Wednesday 13 December 2017

80kmh speed signs shelved 'for sending wrong message'

AA Ireland's Conor Faughnan with one of the new signs.
AA Ireland's Conor Faughnan with one of the new signs.
Niall O'Connor

Niall O'Connor

Thousands of 80kmh speed signs across the country are to be replaced with a black and white alternative which does not contain a numeral.

The signs signify that motorists will be expected to use their own judgment in relation to speed without exceeding a limit of 80kmh.

The new signs will have a black circle with a diagonal line, similar to those used in Ireland before 2004. However, they do not denote a change in the speed limit.

Transport Minister Leo Varadkar said the decision is being taken because the 80kmh signs can send out the "wrong message".

The 80kmh signs flagged for removal are situated along narrow country roads, according to a report carried out by the Speed Limits Review Group.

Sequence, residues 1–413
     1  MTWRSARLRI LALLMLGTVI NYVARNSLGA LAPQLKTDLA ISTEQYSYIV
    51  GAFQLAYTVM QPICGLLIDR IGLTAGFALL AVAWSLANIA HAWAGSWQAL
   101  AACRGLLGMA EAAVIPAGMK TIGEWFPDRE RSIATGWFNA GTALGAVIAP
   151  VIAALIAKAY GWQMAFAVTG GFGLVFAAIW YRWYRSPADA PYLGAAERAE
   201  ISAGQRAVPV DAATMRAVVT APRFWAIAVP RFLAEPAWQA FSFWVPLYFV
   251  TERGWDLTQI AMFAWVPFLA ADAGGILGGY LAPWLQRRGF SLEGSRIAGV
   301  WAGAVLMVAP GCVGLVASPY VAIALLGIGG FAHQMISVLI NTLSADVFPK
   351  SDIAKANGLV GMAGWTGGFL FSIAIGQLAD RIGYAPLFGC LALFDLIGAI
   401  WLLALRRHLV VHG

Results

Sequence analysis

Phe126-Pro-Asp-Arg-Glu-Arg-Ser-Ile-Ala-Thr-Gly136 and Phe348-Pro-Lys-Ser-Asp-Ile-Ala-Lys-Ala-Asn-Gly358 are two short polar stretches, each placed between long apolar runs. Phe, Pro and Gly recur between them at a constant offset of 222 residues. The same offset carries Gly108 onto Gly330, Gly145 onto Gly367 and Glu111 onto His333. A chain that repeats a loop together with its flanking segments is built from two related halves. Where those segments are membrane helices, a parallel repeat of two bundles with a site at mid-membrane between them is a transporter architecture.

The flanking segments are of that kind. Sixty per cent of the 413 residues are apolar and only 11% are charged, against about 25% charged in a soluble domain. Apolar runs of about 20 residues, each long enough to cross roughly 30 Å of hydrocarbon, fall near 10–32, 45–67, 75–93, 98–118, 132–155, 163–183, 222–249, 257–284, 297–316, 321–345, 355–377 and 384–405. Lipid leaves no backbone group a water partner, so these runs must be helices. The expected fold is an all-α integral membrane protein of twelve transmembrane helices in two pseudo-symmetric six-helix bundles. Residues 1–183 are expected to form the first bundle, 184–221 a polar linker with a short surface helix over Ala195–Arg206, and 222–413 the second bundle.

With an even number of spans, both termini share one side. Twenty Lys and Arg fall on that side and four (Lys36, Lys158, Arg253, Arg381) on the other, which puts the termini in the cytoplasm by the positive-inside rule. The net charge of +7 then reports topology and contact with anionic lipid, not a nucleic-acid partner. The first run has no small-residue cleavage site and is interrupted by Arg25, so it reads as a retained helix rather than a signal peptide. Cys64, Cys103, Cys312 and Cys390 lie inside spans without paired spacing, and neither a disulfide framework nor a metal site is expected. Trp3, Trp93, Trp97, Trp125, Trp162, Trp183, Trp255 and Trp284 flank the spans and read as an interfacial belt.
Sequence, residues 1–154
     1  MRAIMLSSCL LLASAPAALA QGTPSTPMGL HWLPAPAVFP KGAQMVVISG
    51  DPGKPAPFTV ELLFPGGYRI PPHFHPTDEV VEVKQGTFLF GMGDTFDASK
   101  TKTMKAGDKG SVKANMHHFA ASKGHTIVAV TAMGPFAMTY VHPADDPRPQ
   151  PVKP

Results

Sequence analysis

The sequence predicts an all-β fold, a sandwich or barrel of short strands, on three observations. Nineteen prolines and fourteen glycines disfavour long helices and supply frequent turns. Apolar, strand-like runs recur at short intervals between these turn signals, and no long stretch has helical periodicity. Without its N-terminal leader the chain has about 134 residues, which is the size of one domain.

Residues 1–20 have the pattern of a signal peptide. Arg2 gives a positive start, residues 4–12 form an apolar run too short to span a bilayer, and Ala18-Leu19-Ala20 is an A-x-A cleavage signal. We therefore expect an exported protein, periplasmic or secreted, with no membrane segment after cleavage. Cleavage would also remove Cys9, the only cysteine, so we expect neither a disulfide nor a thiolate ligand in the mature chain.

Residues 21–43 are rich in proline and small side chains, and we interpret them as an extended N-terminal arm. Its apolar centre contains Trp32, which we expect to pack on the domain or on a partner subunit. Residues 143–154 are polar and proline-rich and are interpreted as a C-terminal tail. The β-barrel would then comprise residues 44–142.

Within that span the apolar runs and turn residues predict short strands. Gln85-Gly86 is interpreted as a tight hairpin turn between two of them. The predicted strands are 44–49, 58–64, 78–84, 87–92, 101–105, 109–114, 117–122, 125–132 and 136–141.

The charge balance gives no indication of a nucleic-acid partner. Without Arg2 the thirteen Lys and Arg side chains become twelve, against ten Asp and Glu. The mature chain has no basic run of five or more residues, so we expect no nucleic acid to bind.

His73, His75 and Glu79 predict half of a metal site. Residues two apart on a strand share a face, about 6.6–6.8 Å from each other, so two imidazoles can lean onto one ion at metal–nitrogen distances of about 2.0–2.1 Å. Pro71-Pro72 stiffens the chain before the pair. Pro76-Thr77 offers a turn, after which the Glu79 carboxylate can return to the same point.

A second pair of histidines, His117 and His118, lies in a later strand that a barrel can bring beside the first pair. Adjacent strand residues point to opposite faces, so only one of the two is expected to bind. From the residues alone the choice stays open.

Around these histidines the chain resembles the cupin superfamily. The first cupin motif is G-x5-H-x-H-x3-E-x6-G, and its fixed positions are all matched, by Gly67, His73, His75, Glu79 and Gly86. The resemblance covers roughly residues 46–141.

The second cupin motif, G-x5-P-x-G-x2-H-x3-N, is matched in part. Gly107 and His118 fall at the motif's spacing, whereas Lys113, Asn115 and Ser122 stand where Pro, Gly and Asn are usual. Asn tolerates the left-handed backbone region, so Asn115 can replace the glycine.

The cost of the changes is not finalised because the number of signs set to be taken down has yet to be established. However AA Ireland last night said it is estimated to be thousands of euro.

Mr Varadkar: "Speed limits need to be sensible. And they also need to be obeyed. Speed is the major cause of injuries and deaths on our road.

"Around next summer they will start seeing the appearance of new black and white signs around boreens and narrower roads."

Meanwhile, the report has recommended the setting up of a system which will allow members of the public to lodge appeals against speed limits.

And an independent body will examine the decisions by local authorities in relation to appeals.

Conor Faughnan of AA Ireland said he believed the appeals system is "really important" for the public. "It will give motorists a proper voice in the setting of speed limits."


Mr Varadkar said he intends to draft legislation that is necessary to underpin the appeals mechanism. Further measures set to come in over the next two years include:

* The setting up of an audit process of all speed limits every five years.

* The removal of so-called 'silly signs' which may encourage inappropriate speeds.

* The introduction of "more effective" limits at road works.

* Motorists will be given the option of having an in-car speed warning from their satnav.

Irish Independent

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